Audio Streams #7

It's not the pale moon that excites me / That thrills and delights me / Oh no, it's just the nearness of you.—"The Nearness of You," Ned Washington & Hoagy Carmichael

Despite what big-box stores and lossy streaming services want to sell you, listening to music at your desk does not have to suck. In fact, for not a lot of dough, you can easily build a desktop system that'll feed your head with music's goodness—or, for a few grand, assemble a setup that rivals the big rigs. Add the right app and streaming service, and you'll have access to an ever-expanding library of losslessly encoded music on top of the one you already own. The only caveat: Any of these systems will lead to musical distraction, which is a lovely place to be.

First Things First
Before we jump into our systems, let's talk about your computer setup and one of the most effective accessories I've encountered: For controlling your computer-music playback, I recommend using Roon ($119/year or $499/lifetime), from Roon Labs. While there are too many wonderful things about Roon to get into here (see Jon Iverson's review in the October 2015 issue), suffice it to say that, bar none, Roon is the control app for music lovers. Roon can access your music library, whether it resides locally (on the same computer where Roon resides) or on an external hard drive or NAS.

I also highly recommend getting a subscription to Tidal HiFi ($19.99/month), a service offering losslessly streamed access to over 25 million tracks and counting. If you have both Roon and Tidal, the latter works within the former, making the distinction between your music and Tidal's as seamless as you'd like. This combo is a game-changer that offers great sound coupled with unmatched music-discovery possibilities. Once you dig in, you may never come out.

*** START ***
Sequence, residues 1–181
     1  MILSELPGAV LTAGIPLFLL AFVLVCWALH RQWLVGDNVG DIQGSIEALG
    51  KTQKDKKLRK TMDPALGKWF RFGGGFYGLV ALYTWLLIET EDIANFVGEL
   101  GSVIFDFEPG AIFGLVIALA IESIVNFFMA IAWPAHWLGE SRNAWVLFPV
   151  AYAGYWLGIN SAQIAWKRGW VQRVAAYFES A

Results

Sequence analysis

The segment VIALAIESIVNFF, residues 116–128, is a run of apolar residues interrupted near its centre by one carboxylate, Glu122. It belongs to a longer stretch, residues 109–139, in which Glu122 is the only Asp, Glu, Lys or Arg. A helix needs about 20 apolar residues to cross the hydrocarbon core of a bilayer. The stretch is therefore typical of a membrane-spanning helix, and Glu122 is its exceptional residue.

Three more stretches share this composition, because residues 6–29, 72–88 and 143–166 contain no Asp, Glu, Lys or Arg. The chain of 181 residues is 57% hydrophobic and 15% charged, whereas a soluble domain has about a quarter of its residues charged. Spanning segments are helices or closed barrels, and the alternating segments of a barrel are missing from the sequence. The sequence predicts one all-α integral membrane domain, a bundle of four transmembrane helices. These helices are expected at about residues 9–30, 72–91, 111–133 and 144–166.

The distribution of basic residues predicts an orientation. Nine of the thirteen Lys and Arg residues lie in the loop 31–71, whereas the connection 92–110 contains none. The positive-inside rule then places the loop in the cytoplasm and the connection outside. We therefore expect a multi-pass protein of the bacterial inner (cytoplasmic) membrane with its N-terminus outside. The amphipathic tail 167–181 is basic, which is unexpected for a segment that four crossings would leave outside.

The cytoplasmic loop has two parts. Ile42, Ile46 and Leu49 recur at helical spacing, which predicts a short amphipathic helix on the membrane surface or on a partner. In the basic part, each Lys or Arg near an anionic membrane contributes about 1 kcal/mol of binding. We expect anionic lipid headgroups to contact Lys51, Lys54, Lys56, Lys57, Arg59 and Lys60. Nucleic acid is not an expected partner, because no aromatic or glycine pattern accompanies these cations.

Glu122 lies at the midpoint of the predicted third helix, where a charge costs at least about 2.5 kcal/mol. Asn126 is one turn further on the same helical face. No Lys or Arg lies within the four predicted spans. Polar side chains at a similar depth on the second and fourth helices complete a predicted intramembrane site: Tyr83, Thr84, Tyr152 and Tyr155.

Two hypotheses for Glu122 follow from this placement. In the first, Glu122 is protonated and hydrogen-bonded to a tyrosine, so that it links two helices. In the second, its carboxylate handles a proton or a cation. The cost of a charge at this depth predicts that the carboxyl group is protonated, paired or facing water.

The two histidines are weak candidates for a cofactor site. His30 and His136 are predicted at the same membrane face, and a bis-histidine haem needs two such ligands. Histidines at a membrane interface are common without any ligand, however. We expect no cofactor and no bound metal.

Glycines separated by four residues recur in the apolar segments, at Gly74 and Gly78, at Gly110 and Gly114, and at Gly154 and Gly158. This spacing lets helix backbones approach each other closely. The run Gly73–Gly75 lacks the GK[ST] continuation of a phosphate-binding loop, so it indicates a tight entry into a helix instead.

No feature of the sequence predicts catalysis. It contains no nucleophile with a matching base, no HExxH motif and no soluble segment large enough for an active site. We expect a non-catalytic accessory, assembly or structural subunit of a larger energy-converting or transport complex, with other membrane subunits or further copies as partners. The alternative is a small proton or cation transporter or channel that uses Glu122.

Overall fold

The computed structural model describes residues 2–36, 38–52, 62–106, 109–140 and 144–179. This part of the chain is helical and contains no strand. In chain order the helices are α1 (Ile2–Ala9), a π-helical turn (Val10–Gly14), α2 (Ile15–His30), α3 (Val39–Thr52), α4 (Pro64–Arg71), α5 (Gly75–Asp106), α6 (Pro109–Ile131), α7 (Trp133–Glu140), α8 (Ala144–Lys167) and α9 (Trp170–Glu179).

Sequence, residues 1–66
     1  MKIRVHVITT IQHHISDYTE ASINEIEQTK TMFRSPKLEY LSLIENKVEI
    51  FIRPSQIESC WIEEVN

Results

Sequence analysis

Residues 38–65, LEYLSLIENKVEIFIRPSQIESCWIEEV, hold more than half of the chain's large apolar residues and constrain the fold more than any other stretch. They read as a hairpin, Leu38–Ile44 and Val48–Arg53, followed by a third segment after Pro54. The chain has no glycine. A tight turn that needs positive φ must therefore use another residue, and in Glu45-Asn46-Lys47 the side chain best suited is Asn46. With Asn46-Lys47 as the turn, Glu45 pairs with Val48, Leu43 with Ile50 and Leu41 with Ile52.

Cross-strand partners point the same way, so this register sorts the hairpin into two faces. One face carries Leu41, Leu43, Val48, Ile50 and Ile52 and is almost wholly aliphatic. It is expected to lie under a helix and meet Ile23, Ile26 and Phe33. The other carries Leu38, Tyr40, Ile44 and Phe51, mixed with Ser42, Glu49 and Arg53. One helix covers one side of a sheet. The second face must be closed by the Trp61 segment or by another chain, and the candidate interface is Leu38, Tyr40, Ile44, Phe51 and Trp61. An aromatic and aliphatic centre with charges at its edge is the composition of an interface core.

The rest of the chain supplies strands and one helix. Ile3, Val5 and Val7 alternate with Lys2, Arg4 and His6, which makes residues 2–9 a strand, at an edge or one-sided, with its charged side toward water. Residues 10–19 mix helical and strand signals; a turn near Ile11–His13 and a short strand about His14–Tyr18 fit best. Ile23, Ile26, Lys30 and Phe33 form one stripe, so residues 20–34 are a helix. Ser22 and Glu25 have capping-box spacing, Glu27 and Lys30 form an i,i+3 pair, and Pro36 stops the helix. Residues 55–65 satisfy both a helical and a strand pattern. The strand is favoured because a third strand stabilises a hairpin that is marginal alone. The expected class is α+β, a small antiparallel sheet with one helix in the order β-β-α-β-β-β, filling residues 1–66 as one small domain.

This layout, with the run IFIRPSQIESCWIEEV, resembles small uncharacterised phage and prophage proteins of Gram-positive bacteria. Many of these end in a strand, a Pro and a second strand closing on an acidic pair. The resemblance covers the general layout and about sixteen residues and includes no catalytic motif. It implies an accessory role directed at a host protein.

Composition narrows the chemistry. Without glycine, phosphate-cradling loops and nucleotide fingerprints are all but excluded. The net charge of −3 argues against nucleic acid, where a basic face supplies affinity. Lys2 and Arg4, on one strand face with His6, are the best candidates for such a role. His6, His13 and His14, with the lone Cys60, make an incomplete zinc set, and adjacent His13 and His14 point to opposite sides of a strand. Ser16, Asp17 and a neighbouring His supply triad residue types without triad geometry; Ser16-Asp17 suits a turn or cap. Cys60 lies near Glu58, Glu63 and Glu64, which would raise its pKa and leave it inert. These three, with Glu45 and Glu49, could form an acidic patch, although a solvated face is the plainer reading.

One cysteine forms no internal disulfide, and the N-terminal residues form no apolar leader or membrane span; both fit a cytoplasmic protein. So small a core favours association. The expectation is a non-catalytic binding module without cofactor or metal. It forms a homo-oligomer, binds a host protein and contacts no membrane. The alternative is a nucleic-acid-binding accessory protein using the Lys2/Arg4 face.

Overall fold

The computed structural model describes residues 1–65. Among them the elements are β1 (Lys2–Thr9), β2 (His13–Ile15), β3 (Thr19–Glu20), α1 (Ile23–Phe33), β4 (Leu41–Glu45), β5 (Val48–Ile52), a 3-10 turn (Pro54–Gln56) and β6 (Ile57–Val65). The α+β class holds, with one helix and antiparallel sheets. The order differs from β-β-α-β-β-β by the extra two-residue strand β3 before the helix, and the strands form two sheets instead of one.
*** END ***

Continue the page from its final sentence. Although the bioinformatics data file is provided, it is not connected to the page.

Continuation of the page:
Last but by no means least, I consider IsoAcoustics speaker stands (starting at $79.99) to be essential ingredients in getting the best sound from your desktop speakers. Beyond the obvious benefits of getting your speakers up off your desktop with just the right degree of backtilt, the adjustable IsoAcoustics stands offer effective isolation, improving bass response and image focus.

A few features are shared by all of the DACs I recommend here, beginning with the ubiquitous USB input. In each case, unless otherwise noted, you'll connect your computer to your DAC with a USB cable. Also common to all is the ability to handle PCM resolutions of up to at least 24-bit/192kHz as well as DSD. (PC users will have to download and install the DAC manufacturer's USB drivers to take advantage of high-resolution audio.) You can also pair all of the recommended DACs with headphones.

But my focus here is on the nearfield desktop frontier. Let's build!

System 1: iFi nano iDSD DAC + Tannoy Reveal 402 = $749 total
While System 1 is the least expensive system I recommend here, it delivers much more than you'd expect for its relatively modest price.

The iFi nano iDSD DAC ($189) is a DAC and headphone amplifier powered by a lithium-polymer battery charged via the USB bus. iFi claims 10 hours of playing time for the headphone output, and the iDSD automatically enters charge mode when the battery runs down. About the size of a pack of cigarettes, the aluminum-bodied iFi has a USB input, a 3.5mm headphone jack, coax S/PDIF output, RCA line level outputs (which you'll use to connect to the Tannoys), Minimum Phase and Standard filters, and a volume/on/off knob.